Ye Man, Tame the Kundalini

Talk given by Swami Satyananda in Drongen, Belgium in May 1977

When I was six years old I had a spontaneous spiritual experience during which I became completely unaware of my body for quite a long time. Again when I was ten the same thing happened, but this time I was old enough to think and rationalise, and I told my father about it. He did not understand and wanted to take me to the doctor, but fortunately there were none in our area at that time. Had there been, perhaps I would have ended up in a mental hospital. But things being what they were, I did not have to undergo treatment and was left unattended. My father had great regard for the Vedas and for his guru. One day this guru happened to visit my native town, so my father took me to him and asked his advice about me. The sage told him that I had had a spiritual experience and should be instructed to lead a spiritual life. My father obeyed his guru and arranged for me to be trained accordingly. Thus at an early age I was dedicated to the spiritual quest.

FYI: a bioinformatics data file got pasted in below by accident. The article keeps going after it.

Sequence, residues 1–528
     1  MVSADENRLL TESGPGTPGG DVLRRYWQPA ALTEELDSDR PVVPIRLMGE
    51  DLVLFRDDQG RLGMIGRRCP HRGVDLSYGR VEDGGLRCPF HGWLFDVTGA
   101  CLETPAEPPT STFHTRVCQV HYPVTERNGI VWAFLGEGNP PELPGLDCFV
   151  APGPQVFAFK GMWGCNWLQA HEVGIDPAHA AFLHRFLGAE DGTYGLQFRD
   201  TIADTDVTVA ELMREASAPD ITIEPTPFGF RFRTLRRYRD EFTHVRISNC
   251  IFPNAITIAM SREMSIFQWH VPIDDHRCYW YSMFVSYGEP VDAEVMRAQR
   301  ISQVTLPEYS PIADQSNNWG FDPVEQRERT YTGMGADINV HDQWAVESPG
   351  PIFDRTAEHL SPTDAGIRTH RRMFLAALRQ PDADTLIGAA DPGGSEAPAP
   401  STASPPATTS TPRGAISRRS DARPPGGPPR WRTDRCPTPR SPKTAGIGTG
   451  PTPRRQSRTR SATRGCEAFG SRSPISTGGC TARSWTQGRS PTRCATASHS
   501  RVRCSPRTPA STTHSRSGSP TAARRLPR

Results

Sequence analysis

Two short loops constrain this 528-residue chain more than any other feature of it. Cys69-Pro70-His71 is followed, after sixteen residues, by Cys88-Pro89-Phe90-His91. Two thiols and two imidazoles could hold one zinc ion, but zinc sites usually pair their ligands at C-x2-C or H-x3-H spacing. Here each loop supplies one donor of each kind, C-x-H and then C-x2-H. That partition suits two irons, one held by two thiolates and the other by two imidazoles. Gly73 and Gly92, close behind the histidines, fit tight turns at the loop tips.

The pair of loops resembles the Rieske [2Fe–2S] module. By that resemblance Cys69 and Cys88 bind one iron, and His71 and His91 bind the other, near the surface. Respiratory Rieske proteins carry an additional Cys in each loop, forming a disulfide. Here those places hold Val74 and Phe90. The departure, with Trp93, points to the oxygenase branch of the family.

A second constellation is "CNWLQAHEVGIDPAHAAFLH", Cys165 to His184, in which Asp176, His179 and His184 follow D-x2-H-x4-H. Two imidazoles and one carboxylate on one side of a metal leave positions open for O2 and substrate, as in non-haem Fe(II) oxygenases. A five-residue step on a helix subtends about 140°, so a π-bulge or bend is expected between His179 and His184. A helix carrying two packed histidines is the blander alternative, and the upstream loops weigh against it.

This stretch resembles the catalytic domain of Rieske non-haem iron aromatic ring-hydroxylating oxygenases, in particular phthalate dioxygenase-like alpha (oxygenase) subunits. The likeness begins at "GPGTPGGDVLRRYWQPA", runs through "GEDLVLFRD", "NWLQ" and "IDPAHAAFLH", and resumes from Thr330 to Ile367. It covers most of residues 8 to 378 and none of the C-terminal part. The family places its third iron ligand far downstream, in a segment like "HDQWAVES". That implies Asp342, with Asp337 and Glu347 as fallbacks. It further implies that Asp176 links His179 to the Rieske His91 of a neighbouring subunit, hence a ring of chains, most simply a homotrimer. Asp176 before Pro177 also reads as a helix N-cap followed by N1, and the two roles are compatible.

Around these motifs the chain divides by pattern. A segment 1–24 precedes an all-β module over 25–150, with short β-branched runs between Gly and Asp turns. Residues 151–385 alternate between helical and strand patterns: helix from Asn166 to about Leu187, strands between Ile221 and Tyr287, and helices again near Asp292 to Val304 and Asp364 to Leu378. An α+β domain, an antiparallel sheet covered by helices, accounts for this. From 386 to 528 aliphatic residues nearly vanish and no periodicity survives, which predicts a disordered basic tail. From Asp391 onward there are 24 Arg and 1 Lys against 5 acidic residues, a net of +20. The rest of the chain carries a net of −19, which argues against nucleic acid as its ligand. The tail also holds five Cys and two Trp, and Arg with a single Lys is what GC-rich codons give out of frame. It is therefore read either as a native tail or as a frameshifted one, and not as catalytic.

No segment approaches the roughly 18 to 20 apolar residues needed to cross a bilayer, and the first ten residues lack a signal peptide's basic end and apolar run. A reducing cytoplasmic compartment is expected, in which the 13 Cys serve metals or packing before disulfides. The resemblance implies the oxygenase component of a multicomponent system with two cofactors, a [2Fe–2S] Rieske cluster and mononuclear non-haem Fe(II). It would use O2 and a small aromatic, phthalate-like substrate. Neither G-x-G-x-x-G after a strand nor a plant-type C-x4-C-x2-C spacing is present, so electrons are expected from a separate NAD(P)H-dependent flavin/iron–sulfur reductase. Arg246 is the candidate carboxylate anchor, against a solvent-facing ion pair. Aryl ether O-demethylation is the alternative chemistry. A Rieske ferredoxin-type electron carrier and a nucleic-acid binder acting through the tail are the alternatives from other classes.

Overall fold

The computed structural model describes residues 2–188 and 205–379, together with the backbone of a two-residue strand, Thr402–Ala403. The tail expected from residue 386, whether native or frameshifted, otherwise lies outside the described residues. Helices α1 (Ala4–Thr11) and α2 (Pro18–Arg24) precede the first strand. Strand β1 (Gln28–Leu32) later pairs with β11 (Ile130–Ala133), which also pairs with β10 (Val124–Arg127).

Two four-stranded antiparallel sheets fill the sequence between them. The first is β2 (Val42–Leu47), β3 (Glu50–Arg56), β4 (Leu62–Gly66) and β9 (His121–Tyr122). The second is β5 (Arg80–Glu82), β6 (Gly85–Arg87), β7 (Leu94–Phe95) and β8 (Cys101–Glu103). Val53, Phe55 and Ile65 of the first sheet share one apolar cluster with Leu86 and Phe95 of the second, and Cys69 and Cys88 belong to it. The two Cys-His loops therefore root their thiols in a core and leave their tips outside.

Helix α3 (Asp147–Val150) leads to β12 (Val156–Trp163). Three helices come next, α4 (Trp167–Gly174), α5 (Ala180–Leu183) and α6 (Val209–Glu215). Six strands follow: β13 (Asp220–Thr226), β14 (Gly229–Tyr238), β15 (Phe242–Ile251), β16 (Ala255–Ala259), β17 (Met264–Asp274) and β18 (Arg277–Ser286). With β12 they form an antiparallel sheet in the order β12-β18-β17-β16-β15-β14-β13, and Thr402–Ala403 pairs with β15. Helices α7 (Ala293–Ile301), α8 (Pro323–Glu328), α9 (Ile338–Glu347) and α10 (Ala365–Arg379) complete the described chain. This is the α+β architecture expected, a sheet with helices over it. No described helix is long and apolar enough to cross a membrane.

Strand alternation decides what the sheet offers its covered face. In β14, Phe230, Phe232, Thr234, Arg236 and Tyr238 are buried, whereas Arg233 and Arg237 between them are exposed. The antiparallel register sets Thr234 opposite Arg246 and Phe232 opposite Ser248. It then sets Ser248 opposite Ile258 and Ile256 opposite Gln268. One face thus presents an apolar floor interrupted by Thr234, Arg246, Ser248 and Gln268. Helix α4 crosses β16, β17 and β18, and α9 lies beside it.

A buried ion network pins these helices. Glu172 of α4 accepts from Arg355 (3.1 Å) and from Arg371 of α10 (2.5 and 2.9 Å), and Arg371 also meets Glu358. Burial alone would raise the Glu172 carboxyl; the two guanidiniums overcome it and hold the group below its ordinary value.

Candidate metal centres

My family was Hindu, and in Hinduism there are two traditions: one believes in the worship of idols and the other that God is formless. My family belonged to the latter, but still I often used to look at pictures of all the different deities and wonder about them. Durga was mounted on a lion; Saraswati on a swan; Vishnu lay sleeping on a huge cobra; Kali was completely naked, standing on the body of Shiva; Tara too was naked and Shiva was drinking milk from her breast. I couldn't understand what it all meant. Why did Shiva ride upon a bull and have so many snakes wrapped around him, how could the Ganga flow from his hair? Why was Ganesh with his enormous elephantine head and pot belly, riding on a small rat? I thought that there must be some symbolic meaning behind all this, but I only began to understand it through kundalini yoga, which I started practising at the age of fifteen while still at school. Around this time I had another experience. I was sitting quietly when suddenly without any effort my mind turned inwards. I immediately saw the whole earth with its oceans, continents, mountains and cities, crack into two pieces. I didn't understand this vision until a few days later when the second world war broke out. This really made me begin to wonder. How could I have seen this future event symbolically in meditation when, living in a remote area, I had neither heard or read anything about it previously nor had I any way of knowing that it was coming?